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W.B. Yeats Poetry | The Fisherman

winwoodedu | Wednesday September 21, 2011

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Context

This poem was first published in 1916. The Fisherman is presented as the ‘ideal man’ with his country skills; he is also a symbol for Ireland – where Yeats believes the ideal man ‘exists’. It draws a contrast between Yeats’ ‘ideal Irishman’ and the real man of his contemporary Ireland. Yeats was a skilled fly fisherman and used this knowledge to develop the character of the fisherman.

Structure

The poem is written as a single stanza with a regular ABAB rhyme scheme, 3 stresses per line.

The word ‘him’ refers to both the idealised Irishman and the fisherman. The descriptive phrase ‘freckled man’ shows the rural, outdoor nature of the man; Yeats’ vision of an ideal Irishman coincided with an outdoor, rural person, working the land. This is the pure Irishman of Yeats’ vision. The phrase ‘grey place on a hill’ gives a sense of isolation and separation. ‘Connemara clothes’ are the same colour as ‘grey place’. This is homespun tweed; Connemara is in County Galway bordering the Atlantic, a rural part of Ireland. This shows the fisherman’s humble roots; he is unpolished, unsophisticated. The phrase ‘At dawn’ shows Yeats’ knowledge of angling; the best fishing is done at dawn. The phrase ‘wise and simple man’ again refers to the ideal man; this type of man is believed to have gained wisdom through simplicity.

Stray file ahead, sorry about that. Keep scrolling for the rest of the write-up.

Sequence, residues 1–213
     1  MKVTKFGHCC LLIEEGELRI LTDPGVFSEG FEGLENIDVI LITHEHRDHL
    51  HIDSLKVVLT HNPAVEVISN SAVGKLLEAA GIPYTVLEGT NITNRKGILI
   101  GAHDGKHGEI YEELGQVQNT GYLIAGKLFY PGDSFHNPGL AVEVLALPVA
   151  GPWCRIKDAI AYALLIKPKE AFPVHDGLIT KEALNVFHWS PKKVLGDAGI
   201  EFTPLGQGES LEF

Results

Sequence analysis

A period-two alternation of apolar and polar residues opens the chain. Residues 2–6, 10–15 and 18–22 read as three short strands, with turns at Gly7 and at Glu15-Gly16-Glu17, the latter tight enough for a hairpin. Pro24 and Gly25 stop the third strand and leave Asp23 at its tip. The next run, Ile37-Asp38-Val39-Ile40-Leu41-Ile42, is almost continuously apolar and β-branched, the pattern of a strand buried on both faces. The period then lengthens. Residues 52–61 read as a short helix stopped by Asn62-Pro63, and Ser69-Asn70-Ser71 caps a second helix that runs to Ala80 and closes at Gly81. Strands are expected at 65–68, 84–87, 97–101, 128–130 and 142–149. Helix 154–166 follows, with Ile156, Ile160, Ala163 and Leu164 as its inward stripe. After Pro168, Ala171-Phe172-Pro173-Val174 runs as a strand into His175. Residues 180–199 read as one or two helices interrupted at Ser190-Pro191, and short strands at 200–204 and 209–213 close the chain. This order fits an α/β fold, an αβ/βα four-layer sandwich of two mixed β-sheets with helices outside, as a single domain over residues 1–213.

‘what I had hoped ’twould be
To write for my own race’

These two lines show that Yeats wants his audience to be like the fisherman. The phrase ‘the reality’ shows Yeats moving from the ideal to the real; he lists what his audience is really like.

‘The living man that I hate,
The dead man that I loved.’

These two lines show balance – living and dead, hate and love. Yeats is disillusioned with reality; real Irishmen don’t meet his exacting standards. The dead man is probably Synge (1871-1909), a good friend of Yeats. ‘the craven man in his seat’ is a...


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